After the battle of Buxar 1764, the East India Company acquired the Diwani of Rights (The right to collect revenue) over Bengal, Bihar and Orissa.
Initially, the company attempted to continue the old system of revenue collection . Warren Hastings auctioned the right to collect revenue to the highest bidder. However this system was not successful and hence the idea to look into different revenue models was started by the East India Company.
Permanent settlement was introduced in Bengal and Bihar in 1793 by Lord Cornwallis.
The zamindars and revenue collectors were converted into landlords.
These landlords were not only agents of the government in collecting land revenue from the Ryots (farmers) but also became the owners of the entire land.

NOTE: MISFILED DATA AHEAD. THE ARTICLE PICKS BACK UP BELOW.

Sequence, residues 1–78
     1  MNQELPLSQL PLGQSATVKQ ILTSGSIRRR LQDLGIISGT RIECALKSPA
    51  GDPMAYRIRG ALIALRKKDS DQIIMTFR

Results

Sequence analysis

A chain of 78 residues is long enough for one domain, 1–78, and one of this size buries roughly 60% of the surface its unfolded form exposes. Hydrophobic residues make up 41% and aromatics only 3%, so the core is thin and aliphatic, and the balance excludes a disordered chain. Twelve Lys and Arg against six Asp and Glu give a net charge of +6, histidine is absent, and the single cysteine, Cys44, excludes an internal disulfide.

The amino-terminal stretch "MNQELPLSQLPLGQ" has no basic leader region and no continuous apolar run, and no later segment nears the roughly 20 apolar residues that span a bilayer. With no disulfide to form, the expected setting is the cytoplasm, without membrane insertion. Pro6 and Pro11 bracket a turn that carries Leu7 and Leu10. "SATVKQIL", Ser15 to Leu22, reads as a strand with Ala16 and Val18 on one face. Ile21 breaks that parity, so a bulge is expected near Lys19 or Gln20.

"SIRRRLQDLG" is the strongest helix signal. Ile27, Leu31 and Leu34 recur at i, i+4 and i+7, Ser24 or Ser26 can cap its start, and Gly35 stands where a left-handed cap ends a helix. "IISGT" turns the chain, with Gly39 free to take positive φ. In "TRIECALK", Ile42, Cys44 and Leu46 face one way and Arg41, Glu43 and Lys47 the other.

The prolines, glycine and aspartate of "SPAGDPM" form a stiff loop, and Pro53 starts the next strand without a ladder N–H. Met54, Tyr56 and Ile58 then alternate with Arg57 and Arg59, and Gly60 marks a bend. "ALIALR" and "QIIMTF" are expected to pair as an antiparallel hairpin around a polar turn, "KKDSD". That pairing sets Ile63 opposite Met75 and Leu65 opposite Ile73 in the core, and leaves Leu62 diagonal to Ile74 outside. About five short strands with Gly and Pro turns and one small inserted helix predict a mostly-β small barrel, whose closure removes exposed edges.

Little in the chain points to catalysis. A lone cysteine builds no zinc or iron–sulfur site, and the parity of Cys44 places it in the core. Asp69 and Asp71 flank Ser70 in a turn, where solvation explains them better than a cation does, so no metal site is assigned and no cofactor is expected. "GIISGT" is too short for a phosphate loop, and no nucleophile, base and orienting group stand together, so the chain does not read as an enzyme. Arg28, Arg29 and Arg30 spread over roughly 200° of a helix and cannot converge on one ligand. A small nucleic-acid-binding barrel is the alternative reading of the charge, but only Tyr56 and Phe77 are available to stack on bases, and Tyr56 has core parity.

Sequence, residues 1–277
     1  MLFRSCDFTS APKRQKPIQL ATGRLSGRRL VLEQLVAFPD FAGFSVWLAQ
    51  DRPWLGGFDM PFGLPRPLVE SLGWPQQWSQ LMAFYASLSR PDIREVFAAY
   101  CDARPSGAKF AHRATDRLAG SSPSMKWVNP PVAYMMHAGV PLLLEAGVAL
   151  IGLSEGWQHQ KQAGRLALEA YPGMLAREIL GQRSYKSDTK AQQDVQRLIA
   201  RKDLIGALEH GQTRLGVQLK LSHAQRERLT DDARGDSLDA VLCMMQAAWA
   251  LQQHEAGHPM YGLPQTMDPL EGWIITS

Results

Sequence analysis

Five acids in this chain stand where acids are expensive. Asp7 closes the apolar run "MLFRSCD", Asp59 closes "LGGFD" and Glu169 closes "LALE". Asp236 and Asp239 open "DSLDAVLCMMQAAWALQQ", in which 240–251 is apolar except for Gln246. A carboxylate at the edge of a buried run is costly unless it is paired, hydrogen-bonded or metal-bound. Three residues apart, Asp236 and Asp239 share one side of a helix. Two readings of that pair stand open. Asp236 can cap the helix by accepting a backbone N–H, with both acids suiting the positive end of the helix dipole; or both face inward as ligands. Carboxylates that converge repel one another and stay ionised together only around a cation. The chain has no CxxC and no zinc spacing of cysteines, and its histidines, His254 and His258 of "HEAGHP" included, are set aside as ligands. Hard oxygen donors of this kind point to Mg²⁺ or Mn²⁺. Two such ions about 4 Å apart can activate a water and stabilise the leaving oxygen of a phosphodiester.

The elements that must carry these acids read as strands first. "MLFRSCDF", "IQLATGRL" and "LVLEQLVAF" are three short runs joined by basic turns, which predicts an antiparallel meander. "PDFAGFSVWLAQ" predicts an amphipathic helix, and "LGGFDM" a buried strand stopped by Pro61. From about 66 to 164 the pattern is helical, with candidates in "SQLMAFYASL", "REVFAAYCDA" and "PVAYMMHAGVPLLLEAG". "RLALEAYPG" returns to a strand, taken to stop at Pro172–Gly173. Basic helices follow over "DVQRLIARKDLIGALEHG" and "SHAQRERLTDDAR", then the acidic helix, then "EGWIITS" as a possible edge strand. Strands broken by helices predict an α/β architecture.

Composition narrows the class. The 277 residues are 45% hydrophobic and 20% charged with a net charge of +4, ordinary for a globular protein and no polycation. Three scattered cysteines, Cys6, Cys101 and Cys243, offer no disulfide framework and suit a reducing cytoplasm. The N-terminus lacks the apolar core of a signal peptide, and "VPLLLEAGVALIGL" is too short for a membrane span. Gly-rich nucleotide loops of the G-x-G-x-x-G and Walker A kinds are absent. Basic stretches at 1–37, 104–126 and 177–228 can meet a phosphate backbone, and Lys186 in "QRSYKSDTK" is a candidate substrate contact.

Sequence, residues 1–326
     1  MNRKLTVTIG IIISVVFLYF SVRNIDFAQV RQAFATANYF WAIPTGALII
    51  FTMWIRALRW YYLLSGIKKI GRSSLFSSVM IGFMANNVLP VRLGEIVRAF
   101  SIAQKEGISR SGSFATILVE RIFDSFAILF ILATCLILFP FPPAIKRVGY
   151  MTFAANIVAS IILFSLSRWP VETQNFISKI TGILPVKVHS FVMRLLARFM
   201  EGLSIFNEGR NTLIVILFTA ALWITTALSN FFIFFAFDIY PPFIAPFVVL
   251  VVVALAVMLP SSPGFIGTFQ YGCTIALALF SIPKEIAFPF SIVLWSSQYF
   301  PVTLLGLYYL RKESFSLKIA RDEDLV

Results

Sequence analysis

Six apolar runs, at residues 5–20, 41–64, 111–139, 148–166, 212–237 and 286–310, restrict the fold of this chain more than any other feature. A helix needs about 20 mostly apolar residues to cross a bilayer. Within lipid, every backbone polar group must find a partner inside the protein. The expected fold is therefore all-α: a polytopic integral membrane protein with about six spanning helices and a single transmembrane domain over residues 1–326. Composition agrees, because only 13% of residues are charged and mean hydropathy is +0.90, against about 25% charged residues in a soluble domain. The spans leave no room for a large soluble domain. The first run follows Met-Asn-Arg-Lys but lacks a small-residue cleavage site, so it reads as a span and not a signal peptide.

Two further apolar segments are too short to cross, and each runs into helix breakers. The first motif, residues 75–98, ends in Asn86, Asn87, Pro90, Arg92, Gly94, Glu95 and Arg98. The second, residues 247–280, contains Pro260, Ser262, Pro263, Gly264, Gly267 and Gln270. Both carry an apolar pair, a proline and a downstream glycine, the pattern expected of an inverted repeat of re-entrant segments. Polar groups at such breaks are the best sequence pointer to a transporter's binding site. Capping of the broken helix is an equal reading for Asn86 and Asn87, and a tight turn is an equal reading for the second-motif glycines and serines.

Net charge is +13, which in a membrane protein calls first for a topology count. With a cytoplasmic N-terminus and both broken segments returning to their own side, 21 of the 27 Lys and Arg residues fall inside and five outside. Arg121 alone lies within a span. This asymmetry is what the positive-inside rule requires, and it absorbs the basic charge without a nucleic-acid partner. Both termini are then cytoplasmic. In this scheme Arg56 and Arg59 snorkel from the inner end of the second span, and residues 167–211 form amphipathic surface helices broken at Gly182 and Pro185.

Their right of ownership was made hereditary and transferable.
The landlords were to pay a sum permanently fixed by the British. These landlords were to give 10/11th of the rental they have got from the peasantry to the Company, keeping 1/11th for themselves. But the sums to be paid by the landlords to the State were fixed in perpetuity.
Cultivators were reduced to low status of mere tenants and were deprived of long standing rights to the soil.
The use of pasture lands, forest lands were restricted.
Protection of farmers from the enhancement of rent was sacrificed.
Also the landlords had to pay the revenue rigidly on the due date even if the crop had failed.
The major drawback of this system is the initial fixation of the revenue. The revenue fixed was very high, fixed arbitrarily and fixed without any consultation with the landlords. The Company attempted to secure the maximum possible amount from the landlords.
Permanent settlement was later extended to Orissa, Northern districts of Madras and districts of Varanasi.